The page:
These are VERY concrete examples, but even with a class of very able kids, I use several picture-type examples, and a number of anecdotal "mystery"sentences to have them practice actually inferring something quite simple before I introduce text . I also sometimes get them to dramatize something -- the kids take turns acting out a little vignette (for example, someone looking for their glasses, or their wallet, or trying to open a bottle) and I ask other students to infer what the character feels or what s/he is trying to do. They can always do this, and also they can explain their thinking very clearly in nearly every case. What all this does is build a clear understanding of what "inferring" means - you understand something that's not explicitly stated, but you are able to understand it because of something you already know or have experienced.

After that I introduce short reading selections -- in fact, in one class, I had students write them (I gave out a couple of model paragraphs) and the students had to infer things such as, how the character felt, whether two characters were friends or siblings, where the story was taking place, etc. Building on that, in read-alouds (two recent ones that really lent themselves to having students infer meaning and events were Louis Sacher's Holes and The Boy in the Striped Pajamas by John Boyne -I haven't seen the film of either book, but they make excellent read-alouds for students aged 10-13)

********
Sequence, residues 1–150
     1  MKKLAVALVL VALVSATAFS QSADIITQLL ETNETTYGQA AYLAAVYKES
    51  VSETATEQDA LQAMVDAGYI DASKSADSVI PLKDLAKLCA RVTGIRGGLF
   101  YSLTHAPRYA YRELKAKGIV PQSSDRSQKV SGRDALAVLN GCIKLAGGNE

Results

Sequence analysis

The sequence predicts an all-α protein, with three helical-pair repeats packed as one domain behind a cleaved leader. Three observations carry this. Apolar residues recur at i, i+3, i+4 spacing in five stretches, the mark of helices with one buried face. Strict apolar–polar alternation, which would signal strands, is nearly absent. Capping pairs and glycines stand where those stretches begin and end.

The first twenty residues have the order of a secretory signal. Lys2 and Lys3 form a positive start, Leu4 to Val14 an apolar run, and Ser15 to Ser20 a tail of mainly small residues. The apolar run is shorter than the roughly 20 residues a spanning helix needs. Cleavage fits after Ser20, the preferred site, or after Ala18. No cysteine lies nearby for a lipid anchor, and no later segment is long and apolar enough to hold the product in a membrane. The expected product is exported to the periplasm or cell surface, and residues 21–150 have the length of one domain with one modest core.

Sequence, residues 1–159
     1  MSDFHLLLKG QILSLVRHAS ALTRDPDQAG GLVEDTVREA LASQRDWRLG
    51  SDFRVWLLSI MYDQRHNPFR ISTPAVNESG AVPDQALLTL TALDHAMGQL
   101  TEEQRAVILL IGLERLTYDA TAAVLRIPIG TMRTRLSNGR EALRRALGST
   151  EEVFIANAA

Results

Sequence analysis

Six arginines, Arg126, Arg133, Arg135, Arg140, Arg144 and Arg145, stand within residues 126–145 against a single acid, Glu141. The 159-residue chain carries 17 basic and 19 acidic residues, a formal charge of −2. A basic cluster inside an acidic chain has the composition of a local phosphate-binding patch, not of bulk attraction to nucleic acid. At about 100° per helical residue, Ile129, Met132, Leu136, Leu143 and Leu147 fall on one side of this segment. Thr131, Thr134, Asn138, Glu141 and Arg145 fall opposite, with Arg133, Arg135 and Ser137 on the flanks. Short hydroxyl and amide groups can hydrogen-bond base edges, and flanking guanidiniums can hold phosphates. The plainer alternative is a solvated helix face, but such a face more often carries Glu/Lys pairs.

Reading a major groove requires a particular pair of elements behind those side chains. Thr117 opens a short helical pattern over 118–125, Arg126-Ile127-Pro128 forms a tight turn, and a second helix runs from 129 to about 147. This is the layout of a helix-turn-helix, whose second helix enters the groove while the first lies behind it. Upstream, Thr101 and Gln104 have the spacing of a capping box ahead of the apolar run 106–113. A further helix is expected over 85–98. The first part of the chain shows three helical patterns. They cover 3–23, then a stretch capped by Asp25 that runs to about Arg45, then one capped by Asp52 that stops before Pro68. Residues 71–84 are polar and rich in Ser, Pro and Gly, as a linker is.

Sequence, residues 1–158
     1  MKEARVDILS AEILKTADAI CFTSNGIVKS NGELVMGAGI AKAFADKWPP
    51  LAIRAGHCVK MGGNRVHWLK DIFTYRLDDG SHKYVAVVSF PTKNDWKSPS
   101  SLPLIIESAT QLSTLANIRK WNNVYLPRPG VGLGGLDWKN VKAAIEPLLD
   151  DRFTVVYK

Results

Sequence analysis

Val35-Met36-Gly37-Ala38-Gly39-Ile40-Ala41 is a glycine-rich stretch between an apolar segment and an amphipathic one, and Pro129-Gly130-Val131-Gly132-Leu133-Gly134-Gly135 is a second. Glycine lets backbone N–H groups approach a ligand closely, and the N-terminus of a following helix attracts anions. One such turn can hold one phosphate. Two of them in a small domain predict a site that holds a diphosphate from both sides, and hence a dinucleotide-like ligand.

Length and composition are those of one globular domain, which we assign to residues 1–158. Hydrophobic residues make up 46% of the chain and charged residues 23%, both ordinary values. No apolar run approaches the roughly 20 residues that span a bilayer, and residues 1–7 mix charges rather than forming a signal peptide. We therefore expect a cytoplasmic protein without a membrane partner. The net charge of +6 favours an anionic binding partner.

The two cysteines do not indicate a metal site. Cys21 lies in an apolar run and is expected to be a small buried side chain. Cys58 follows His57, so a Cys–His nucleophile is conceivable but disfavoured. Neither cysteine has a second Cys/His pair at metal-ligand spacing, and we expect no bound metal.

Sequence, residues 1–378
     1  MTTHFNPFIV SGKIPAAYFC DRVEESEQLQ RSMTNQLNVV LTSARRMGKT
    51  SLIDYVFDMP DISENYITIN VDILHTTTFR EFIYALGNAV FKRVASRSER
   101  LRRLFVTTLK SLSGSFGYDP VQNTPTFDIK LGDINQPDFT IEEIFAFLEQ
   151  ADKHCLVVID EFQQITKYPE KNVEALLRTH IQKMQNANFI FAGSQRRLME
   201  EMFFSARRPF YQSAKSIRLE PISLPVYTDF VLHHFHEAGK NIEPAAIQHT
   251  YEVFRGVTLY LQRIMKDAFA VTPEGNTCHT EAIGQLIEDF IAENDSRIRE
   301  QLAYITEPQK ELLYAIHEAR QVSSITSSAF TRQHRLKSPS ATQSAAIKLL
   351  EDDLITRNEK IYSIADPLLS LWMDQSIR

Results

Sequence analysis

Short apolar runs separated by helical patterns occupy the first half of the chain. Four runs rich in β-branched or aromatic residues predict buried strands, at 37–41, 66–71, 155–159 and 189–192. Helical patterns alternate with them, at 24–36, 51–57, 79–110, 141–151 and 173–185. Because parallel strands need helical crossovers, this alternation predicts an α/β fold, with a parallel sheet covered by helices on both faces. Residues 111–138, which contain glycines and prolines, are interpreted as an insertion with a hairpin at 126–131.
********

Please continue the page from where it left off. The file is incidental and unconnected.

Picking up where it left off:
My suggestion would be to teach inferring directly, in numerous brief exercises over a period of weeks (starting with concrete visual and oral examples) before expecting students to "just do it." I would also make sure students were proficient at making and explaining inferences orally before expecting them to do it in a written response format. Some might need graphic organizers or writing frames to help them make the transition.